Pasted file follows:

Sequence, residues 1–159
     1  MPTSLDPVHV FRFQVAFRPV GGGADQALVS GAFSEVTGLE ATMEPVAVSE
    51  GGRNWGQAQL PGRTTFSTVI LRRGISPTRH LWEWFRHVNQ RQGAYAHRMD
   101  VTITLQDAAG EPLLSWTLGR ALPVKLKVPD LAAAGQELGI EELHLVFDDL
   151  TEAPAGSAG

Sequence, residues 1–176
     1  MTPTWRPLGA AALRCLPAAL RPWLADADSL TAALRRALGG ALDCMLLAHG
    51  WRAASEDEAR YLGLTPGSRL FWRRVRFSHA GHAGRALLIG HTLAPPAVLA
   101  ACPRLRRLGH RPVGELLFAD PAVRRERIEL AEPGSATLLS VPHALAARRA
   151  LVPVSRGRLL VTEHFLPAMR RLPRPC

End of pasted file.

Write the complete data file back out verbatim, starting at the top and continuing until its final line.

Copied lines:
Sequence, residues 1–159
     1  MPTSLDPVHV FRFQVAFRPV GGGADQALVS GAFSEVTGLE ATMEPVAVSE
    51  GGRNWGQAQL PGRTTFSTVI LRRGISPTRH LWEWFRHVNQ RQGAYAHRMD
   101  VTITLQDAAG EPLLSWTLGR ALPVKLKVPD LAAAGQELGI EELHLVFDDL
   151  TEAPAGSAG

Sequence, residues 1–176
     1  MTPTWRPLGA AALRCLPAAL RPWLADADSL TAALRRALGG ALDCMLLAHG
    51  WRAASEDEAR YLGLTPGSRL FWRRVRFSHA GHAGRALLIG HTLAPPAVLA
   101  ACPRLRRLGH RPVGELLFAD PAVRRERIEL AEPGSATLLS VPHALAARRA
   151  LVPVSRGRLL VTEHFLPAMR RLPRPC